Plains Folk

A Fresh Approach

 

One of the best descriptions of the character of the people of North Dakota comes from the historian Catherine McNicol Stock, in her book, Main Street in Crisis: The Great Depression and the Old Middle Class on the Northern Plains. Catherine describes us as a “producerist” people, inclined to practicality, industrious in habits, not cordial to flights of idealism.

I’m not sure that G. Ernst Giesecke grasped that character when he arrived in Fargo in 1949 to become dean of the School of Applied Arts & Sciences at North Dakota Agricultural College (which would not become North Dakota State University until 1960). NDAC was a land grant college, founded under the Morrill Act of 1862, but it was one of those often referred to as the “baby land grants”–meaning that, unlike most institutions across the country, it interpreted the “liberal” part of the Morrill Act, which charged the colleges to deliver “liberal and practical” education, as not much liberal and mostly practical.

The baby land-grant colleges included North Dakota, South Dakota, and Montana. The reason generally given for their prescribed status was lack of resources in the prairie states. The producerist character of the people also figured in this situation, however. Which was why Giesecke was hired as dean of Applied Arts & Sciences, not just Arts & Sciences, the term used at other colleges across the country. NDAC didn’t want anyone to think it was doing art or science just for its own sake. Everything had to be applied, practical. Nor would there be any advanced degrees in the arts, liberal arts, or sciences.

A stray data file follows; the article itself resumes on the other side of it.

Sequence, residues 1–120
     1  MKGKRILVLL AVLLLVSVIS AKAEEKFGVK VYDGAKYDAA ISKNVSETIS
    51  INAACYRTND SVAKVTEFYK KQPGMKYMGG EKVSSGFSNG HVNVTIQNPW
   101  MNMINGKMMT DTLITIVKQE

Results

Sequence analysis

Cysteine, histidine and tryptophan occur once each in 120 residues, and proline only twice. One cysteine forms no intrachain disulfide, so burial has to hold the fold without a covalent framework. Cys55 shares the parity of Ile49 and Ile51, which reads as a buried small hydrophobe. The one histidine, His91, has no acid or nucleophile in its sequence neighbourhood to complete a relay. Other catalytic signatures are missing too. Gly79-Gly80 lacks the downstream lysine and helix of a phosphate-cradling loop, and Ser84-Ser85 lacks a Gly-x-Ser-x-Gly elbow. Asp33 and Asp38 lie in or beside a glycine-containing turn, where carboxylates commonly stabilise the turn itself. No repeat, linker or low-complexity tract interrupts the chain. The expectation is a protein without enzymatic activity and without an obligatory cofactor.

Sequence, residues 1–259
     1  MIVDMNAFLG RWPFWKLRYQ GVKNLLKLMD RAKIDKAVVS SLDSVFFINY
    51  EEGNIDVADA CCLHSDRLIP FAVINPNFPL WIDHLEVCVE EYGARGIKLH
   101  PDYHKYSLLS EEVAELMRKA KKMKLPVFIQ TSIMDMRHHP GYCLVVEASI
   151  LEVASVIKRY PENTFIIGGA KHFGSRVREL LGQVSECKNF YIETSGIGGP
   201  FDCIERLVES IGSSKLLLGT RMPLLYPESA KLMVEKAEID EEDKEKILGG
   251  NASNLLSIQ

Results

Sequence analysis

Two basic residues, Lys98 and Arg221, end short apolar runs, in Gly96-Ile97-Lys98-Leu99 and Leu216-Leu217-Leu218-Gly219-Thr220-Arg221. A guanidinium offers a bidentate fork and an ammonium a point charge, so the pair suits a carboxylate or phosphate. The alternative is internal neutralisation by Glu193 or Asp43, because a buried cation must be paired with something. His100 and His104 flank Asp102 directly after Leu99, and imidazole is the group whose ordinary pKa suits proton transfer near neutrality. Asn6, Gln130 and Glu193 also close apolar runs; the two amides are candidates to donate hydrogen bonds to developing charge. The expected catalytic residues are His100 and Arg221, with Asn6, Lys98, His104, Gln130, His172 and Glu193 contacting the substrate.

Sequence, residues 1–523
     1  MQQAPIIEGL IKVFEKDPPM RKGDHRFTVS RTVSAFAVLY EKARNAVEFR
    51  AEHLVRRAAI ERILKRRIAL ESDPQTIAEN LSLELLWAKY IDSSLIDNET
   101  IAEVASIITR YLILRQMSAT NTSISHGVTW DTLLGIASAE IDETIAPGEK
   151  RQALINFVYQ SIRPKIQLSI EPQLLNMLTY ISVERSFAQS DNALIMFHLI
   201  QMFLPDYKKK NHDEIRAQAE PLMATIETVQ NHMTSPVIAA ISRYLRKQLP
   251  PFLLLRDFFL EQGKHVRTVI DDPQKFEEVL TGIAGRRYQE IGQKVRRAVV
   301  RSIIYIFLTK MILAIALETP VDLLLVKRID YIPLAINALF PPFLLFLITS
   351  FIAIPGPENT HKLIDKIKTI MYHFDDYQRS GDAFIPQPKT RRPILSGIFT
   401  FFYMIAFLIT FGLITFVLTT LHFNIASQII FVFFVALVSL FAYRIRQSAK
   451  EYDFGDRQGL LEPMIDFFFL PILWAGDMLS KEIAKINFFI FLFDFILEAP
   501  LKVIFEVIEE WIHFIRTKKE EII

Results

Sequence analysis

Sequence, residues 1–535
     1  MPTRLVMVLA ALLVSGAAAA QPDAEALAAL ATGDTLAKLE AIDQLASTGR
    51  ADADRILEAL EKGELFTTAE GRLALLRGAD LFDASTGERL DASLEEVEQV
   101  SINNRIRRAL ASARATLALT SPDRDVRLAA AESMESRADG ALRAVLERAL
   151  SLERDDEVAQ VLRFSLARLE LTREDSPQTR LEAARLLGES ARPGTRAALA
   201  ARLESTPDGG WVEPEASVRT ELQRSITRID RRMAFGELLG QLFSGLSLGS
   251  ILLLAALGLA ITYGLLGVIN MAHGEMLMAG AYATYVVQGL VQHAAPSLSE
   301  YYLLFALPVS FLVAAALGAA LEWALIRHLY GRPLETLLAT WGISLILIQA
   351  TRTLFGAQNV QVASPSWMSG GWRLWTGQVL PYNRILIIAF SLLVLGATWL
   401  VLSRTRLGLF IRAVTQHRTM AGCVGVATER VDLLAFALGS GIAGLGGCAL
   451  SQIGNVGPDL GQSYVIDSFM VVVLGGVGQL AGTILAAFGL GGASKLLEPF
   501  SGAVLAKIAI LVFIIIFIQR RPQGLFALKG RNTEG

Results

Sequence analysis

So, Giesecke found his faculty, as he said, had begun to “chafe” under the “stigma” of being in an “impractical” school–and therefore, always on the short end of the stick in struggles for respect or resources. The artists, the historians, the sociologists, even the biologists felt like second-class citizens at best.

This was a key reason that Dean Giesecke, along with the library director and five faculty members, founded what they called the Institute for Regional Studies. Giesecke figured that the way to get respect at North Dakota Agricultural College was to cast his lot with the land and people of North Dakota–the way they did in the college of agriculture, the experiment station, and the extension service. He would turn around his liberal arts faculty and point them toward the practical consideration of the problems and possibilities of life on the plains.

Giesecke and his gang resolved to generate new research about life on the prairies; create a research center, or archive; encourage artistic expression; and publish scholarly works that would bolster the understanding of regional life. His founding of the Institute for Regional Studies was intended to elevate his school, and its region, out of colonial status.

It was important that Giesecke came here from Texas. He was a German from the Texas Hill Country. He was familiar with what I have been calling here “the regional project,” the recognition of the Great Plains as a place worth studying in their own right, and a good place, too. Scholars in Texas and Oklahoma got the regional project going during the 1920s. Trumping their lead, Giesecke proceeded to found what is now recognized as the oldest regional studies center on the Great Plains of North America–the Institute for Regional Studies, at North Dakota State University.

You know, I’m on the Carson Wentz Wagon as much as anyone else these days, but when it comes to putting North Dakota on the map, Ernst Giesecke is the name to remember.

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